A lot of the more prominent Spiders were familiar to Marvel fans. There was Miles Morales of the Ultimate Marvel Universe, Spider-Girl of the MC2 world where Peter Parker was her father, the gun-toting Peter Parker from Spider-Man Noir, the future Spider-Man from the 2099 comics, the Bruce Banner Spider-Man from Bullet Points, and of course the talking pig Spider-Ham from a world where Marvel's heroes are replaced with talking animals. At the same time there were plenty of soldier Spiders joining Parker from Earth-616 like Spider-Woman, a time-displaced Superior Spider-Man (Peter Parker's body with Doctor Octopus' mind), and the relatively new hero Silk.

But that was the tip of the iceberg. Along with all the known Spiders were hordes of new ones. An English Spider-Man, a cyborg Spider-Man, an assassin Spider-Man, a Spider-Punk (complete with metal spikes sticking out of the top of his mask), a werewolf Spider-Man, and even the Aunt May hero Spider-Ma'am. Yes. You read that correctly. Spider-Ma'am.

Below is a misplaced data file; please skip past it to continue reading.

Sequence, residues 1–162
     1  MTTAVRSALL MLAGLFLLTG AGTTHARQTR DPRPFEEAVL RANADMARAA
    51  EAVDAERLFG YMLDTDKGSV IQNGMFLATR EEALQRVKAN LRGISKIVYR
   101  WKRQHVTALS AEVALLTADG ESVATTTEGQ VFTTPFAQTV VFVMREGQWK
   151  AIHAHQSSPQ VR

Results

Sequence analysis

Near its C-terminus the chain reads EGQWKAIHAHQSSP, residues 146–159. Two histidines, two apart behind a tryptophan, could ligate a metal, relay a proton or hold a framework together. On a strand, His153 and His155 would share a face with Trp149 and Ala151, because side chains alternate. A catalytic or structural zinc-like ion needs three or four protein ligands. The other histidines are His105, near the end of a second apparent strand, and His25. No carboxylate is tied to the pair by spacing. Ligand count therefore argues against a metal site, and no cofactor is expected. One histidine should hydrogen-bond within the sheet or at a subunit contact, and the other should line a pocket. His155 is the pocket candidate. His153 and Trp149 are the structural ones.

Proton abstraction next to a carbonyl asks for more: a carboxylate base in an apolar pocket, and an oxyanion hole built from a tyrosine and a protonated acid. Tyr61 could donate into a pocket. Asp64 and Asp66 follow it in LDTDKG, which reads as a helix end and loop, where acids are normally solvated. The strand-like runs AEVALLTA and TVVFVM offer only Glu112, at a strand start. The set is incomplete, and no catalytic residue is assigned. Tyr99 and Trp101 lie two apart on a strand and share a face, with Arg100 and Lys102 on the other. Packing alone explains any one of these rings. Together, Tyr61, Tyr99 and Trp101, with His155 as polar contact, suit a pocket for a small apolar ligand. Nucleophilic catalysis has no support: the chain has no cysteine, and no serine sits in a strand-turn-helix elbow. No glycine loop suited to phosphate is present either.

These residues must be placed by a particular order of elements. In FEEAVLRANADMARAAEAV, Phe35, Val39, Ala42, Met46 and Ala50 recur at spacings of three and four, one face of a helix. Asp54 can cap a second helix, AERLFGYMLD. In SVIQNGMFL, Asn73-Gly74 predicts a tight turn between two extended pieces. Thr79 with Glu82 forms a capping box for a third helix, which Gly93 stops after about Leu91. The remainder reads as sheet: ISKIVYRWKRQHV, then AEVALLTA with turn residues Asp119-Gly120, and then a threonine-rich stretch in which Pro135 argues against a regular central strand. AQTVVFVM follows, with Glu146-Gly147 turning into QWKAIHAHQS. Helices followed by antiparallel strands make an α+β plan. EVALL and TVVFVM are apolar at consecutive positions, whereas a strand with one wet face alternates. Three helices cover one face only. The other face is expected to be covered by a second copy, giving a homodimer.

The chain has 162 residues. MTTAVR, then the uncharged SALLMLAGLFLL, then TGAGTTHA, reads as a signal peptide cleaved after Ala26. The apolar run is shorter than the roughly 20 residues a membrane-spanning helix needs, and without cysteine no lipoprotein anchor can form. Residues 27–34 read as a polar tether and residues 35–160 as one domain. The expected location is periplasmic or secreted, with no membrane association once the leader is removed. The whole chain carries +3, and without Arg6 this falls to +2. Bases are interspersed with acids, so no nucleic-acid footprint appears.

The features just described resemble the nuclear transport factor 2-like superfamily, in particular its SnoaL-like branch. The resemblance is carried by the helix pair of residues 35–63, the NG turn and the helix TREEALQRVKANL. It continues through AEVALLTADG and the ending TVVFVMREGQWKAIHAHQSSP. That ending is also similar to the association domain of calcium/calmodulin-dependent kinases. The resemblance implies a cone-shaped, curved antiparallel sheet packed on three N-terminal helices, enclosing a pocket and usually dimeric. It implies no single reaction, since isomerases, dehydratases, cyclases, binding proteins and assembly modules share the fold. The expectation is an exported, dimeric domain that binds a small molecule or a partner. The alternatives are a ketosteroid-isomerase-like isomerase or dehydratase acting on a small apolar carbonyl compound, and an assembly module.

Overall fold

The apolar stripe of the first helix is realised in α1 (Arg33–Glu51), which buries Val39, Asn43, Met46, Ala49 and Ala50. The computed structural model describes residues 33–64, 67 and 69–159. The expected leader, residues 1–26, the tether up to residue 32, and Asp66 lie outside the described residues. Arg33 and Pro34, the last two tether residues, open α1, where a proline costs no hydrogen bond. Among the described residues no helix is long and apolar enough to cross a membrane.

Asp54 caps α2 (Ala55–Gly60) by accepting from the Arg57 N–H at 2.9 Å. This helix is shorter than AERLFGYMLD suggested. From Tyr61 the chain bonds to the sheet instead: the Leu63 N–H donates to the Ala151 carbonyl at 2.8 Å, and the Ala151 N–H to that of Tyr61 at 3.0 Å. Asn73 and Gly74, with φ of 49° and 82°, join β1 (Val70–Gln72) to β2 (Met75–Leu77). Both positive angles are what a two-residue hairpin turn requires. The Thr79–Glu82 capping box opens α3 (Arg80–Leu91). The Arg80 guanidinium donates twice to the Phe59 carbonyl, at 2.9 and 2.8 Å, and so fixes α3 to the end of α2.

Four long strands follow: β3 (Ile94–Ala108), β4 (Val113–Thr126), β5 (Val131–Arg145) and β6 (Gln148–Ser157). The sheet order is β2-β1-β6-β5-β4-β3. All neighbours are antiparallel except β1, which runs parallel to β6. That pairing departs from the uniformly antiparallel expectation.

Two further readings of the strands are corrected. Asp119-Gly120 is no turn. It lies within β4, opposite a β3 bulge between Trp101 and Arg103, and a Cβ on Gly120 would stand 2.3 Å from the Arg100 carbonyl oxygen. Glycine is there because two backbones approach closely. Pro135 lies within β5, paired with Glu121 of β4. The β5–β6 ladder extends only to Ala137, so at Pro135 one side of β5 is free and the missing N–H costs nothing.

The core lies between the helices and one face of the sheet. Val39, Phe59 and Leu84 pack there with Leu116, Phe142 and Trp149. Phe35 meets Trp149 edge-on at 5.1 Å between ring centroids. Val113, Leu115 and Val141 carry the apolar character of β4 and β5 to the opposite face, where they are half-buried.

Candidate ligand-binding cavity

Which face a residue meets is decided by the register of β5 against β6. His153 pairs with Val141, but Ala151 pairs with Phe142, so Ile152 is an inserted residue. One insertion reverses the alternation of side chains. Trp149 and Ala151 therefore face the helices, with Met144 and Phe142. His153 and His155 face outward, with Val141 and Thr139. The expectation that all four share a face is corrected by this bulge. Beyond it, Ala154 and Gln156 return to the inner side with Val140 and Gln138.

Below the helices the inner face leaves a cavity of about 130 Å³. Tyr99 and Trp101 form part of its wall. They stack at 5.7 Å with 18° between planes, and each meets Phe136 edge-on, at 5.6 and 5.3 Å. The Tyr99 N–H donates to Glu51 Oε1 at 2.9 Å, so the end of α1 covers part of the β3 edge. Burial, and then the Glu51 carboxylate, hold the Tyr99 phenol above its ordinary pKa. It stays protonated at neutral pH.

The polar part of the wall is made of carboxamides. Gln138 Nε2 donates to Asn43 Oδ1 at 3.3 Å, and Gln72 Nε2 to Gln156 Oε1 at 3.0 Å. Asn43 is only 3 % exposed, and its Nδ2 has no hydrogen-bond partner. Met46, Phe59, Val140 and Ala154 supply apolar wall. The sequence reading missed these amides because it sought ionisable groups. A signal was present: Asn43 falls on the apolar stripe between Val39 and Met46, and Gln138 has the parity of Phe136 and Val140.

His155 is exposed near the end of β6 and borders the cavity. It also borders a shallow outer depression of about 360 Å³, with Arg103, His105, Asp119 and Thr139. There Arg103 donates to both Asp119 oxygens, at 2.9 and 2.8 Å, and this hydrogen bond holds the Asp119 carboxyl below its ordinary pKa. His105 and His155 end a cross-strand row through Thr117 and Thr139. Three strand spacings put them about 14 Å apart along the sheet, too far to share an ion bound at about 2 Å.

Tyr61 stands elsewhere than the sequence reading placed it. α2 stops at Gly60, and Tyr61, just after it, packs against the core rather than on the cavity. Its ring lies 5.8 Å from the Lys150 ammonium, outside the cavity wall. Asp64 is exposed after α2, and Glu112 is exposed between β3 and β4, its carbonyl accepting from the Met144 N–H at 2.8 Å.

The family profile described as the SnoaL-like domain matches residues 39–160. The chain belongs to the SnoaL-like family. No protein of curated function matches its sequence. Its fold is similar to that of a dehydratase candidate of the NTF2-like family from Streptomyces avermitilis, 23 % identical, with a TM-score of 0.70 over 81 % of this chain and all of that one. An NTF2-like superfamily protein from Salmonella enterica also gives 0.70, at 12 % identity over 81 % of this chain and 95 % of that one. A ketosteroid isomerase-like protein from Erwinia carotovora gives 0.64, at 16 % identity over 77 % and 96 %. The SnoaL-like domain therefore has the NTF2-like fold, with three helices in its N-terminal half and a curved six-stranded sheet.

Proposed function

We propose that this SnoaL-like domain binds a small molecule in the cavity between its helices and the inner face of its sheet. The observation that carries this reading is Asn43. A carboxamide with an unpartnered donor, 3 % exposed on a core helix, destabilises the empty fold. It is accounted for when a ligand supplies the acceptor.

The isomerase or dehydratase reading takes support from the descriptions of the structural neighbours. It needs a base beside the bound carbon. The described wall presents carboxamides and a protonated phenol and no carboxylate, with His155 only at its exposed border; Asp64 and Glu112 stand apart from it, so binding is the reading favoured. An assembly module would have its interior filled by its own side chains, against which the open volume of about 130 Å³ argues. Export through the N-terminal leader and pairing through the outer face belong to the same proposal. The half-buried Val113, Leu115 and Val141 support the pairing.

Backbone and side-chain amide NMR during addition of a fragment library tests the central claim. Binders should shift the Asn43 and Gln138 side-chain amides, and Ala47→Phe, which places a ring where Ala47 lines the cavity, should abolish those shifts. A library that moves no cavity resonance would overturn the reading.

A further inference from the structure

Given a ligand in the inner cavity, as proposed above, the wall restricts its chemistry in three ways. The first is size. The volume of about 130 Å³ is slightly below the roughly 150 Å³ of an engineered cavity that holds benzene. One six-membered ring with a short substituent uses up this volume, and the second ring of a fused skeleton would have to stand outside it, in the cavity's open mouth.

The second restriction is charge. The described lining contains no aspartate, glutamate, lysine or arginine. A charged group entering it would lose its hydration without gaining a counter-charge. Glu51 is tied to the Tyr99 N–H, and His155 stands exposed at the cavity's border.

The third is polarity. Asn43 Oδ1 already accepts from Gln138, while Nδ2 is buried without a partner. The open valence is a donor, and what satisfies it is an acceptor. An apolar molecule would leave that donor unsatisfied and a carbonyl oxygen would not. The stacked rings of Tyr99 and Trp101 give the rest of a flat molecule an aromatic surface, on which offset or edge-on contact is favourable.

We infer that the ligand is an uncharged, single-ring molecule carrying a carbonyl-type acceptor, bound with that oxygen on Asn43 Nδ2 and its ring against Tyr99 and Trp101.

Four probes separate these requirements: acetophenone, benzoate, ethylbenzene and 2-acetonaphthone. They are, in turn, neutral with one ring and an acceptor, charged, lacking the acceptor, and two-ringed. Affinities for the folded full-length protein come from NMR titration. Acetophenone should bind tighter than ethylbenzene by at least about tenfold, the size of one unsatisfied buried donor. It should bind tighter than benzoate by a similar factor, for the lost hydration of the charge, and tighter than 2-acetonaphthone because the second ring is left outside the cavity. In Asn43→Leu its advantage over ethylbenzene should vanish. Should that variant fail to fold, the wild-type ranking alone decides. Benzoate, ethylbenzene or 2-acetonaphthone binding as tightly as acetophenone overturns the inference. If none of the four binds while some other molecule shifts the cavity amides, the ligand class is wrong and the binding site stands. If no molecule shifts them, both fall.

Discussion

Most of the Spiders are killed and devoured by the Inheritors long before Spider-Man's army can find them; or even before it's formed. Even after the Spiders start working together, the body count grows. Spider-Verse is one of the most brutal Spider-Man stories you could read, and the pile of bodies stacks high.

Shattered Dimensions

While other artists and writers contributed to Spider-Verse, the event was the brainchild of longtime Spider-Man writer Dan Slott. When Slott and editor Ben Morse announced the event, Slott revealed the inspiration for Spider-Verse was the 2010 video game Spider-Man: Shattered Dimensions. Slott wrote the video game and he said he'd been working on Spider-Verse ever since.